In the NINDS trials, the rate of clinical deterioration from new intracranial haemorrhage, 24 to 36 hours after treatment, was 6.4% with alteplase versus 0.6% with placebo. Mortality at three months was 17% in the alteplase group and 21% in the placebo group but did not reach statistical significance.

A good outcome 24 hours after thrombolysis tends to predict a good outcome at three months[14] .

Neurological deficits

Three months after alteplase therapy:

  • Approximately 30% of patients are neurologically normal or near normal.
  • 30% have mild-to-moderate neurological deficits.
  • 20% have moderate-to-severe neurological deficits.
  • 20% have died.

Functional disability

Three months after alteplase therapy:

  • Approximately 50% of patients are completely or almost completely independent in activities of daily living.
  • 15% are moderately dependent on others.
  • 15% are completely dependent on others.
  • 20% have died.

Rapid admission

Although the high technology of scanning and thrombolysis is delivered within a hospital system, there are still implications for primary care. The most obvious is that if there is reason to suspect a stroke, the patient must be admitted to a suitable unit with the utmost speed. Simply being in hospital within three hours is not good enough. The scan has to have been taken and read, and the infusion started, within three hours of the onset of symptoms. Hospitals also need to look to their systems to reduce delay, as has been done with acute myocardial infarction[15] . Even if the deadline has passed, patients should still be admitted to hospital, as all should have a scan within 24 hours and the outcome for all is better in a stroke unit.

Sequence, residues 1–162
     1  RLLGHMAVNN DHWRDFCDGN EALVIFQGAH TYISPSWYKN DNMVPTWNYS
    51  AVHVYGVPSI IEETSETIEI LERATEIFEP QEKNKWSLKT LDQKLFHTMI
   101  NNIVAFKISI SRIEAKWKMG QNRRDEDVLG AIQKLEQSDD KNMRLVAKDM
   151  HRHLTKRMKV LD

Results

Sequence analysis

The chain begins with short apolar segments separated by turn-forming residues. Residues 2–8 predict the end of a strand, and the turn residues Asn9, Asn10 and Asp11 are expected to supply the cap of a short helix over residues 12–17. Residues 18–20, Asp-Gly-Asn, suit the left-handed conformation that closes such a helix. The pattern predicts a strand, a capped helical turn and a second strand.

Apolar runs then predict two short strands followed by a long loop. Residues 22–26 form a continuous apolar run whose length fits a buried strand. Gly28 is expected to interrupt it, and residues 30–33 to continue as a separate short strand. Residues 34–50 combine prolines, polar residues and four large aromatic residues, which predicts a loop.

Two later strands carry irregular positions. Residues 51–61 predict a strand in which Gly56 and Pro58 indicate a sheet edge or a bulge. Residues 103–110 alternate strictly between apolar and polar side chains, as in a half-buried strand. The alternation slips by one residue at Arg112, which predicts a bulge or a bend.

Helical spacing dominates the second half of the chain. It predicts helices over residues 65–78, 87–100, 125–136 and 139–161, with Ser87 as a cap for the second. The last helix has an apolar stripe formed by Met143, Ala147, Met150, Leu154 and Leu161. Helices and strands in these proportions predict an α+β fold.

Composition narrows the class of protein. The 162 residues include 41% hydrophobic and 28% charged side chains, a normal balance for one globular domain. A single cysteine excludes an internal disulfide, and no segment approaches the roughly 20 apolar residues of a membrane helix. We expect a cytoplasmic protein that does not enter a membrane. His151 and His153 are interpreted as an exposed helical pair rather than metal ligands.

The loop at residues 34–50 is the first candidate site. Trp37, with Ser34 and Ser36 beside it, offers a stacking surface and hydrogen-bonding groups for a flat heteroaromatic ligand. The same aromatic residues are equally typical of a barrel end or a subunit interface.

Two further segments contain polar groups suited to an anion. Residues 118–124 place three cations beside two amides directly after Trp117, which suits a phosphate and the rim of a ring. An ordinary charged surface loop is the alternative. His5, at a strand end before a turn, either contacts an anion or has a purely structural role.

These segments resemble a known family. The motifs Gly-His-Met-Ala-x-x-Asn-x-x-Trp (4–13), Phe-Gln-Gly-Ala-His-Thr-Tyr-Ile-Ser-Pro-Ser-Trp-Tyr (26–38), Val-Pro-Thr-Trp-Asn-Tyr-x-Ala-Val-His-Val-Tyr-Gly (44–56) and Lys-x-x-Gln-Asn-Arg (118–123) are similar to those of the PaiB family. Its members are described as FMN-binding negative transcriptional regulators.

Initial management of suspected and confirmed TIA[4]

  • Offer aspirin (300 mg daily), unless contra-indicated, to people who have had a suspected TIA, to be started immediately.
  • Refer immediately people who have had a suspected TIA for specialist assessment and investigation, to be seen within 24 hours of onset of symptoms.
  • Do not use scoring systems, such as ABCD2, to assess risk of subsequent stroke or to inform urgency of referral for people who have had a suspected or confirmed TIA.
  • Offer secondary prevention, in addition to aspirin, as soon as possible after the diagnosis of TIA is confirmed.

Secondary prevention

The RCP is also very enthusiastic about the role of primary care in the secondary prevention of stroke and this is discussed in the separate Stroke Prevention article[8] .